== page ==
Cancer in pets can come in the most unexpected times, in the most unexpected ways, and to the most unexpected hosts. That is why it is so very important to be aware of it, to know how to treat it, and to be prepared for the worst. This article is the beginning of a series to help prepare a pet owner whose dog may have cancer. Some pets do not show outwardly that they are inwardly sick, and Dr. Phil Zeltzman, founding member of IDEXX’s Pet Health Network team – and veterinarian of over twenty years – says that in many cases, even bloodwork does not accurately show whether or not a pet has cancer – so how is one able to tell? Here are some signs given from Dr. Zeltzman that your dog may have cancer.
1) Abnormal Swellings under the Skin
If a growth appears under your pet’s skin, it could either be a benign or cancerous tumor. You should contact your veterinarian right away instead of just watching it while it continues to grow, and quite possibly gets worse. If it is benign, it should still be removed. If it is cancerous, you and your veterinarian can talk about options how to deal with it.
These sores to watch out for do not heal, despite antibiotics or ointment.
3) Weight Loss
If your pet is abnormally losing weight, it could be that your pet has a tumor along his intestine.
4) No Appetite
If your pet is all of a sudden not eating his food, it could be that he has a mass pushing on his stomach, making him feel sick.
5) Swallowing Difficulty
If your pet has a cancerous lump in his neck, pushing against the esophagus, he will have much difficulty swallowing food.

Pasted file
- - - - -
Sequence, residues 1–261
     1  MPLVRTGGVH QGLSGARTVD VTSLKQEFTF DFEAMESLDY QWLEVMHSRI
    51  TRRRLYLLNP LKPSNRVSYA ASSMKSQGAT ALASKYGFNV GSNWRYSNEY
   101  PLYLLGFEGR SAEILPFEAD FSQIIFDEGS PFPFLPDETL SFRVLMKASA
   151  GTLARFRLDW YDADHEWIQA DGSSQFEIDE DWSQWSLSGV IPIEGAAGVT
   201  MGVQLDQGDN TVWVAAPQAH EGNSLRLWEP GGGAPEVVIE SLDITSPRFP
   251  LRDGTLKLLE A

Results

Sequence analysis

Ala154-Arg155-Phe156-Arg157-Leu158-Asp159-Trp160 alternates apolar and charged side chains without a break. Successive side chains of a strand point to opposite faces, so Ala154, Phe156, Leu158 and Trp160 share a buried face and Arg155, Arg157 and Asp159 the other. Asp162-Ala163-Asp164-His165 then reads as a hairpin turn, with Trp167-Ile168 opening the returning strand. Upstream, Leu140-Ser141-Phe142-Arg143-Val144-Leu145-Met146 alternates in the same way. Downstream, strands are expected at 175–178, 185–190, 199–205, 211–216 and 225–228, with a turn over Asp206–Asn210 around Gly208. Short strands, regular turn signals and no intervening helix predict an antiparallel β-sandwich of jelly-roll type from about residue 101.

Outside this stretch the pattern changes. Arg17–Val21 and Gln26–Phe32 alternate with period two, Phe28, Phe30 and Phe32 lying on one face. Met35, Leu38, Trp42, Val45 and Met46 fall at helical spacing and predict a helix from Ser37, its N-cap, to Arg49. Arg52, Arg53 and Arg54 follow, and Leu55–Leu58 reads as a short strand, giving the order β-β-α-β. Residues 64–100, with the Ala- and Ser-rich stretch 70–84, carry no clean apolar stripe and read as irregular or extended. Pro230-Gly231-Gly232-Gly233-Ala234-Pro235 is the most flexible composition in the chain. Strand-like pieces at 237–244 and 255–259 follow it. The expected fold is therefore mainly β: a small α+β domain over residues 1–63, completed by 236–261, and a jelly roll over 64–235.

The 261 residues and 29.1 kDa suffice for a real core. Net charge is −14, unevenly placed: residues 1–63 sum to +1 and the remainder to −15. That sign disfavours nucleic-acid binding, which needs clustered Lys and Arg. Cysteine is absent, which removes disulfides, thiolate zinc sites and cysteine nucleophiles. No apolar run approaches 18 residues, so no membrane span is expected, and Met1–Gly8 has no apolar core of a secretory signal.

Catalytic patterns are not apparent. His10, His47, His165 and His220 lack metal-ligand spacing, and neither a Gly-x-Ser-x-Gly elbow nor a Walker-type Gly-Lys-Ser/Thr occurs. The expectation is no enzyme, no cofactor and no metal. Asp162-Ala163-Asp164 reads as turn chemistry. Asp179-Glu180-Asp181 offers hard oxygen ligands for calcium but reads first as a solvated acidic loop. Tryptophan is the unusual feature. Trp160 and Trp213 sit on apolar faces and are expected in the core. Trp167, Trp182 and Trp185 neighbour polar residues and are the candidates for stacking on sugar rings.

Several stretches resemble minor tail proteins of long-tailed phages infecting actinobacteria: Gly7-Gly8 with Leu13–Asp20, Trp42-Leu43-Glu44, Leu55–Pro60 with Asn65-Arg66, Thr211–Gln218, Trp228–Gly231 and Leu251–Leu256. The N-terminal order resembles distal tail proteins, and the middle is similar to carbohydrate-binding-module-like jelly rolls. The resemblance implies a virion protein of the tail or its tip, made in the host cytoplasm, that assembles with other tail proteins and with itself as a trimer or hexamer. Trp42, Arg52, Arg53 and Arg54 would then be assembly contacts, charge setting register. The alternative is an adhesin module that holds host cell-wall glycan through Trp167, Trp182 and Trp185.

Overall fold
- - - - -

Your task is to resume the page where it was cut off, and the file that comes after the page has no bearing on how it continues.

6) Bleeding or Discharge
A common sign of nose cancer is bleeding of the nose. Bleeding of the nose is not always a sign of cancer, but it is still wise to get your dog checked out if it happens.
7) Bad Odor
Dr. Phil talks about a pet with cancer he once treated. He says, “She had a large mass near her anus. Biopsies showed that it was cancer. The odor stemmed from multiple draining tracts from which pus came out. A culture showed that 4 different bacteria were growing in there!”
8) Loss of Stamina
In some cancer cases, a dog could have an increasing loss of energy and stamina. This could be a result of a tumor on the heart.
9) Persistent Lameness/Stiffness
Many dogs are lame and have no cancer, so one should not panic right away if he sees signs of lameness; however, stiffness and any swelling in the legs could be a sign of bone cancer.
10) All-around Difficulty
Dr. Zeltzman states that “this could be due to a mass putting pressure on the respiratory system (wind pipe, lung), urinary system (bladder, urethra) or digestive system (rectum, anus).”
It is important that you keep your eye out for signs of sickness in your dog, but DO NOT PANIC. Just because your dog is tired for a day, or does not smell minty-fresh does not mean that he has cancer. There could be multiple explanations; however, it is important to keep a watchful eye, and to contact your veterinarian if you have any questions whatsoever. Dr. Phil Zeltzman concludes by encouraging pet owners to “pet your dog all over and often, and see your family veterinarian regularly for checkups.” If things seem very serious, do not hesitate to make an appointment with your vet to see what is going on, and whether or not you need to find out about how to treat a dog with cancer.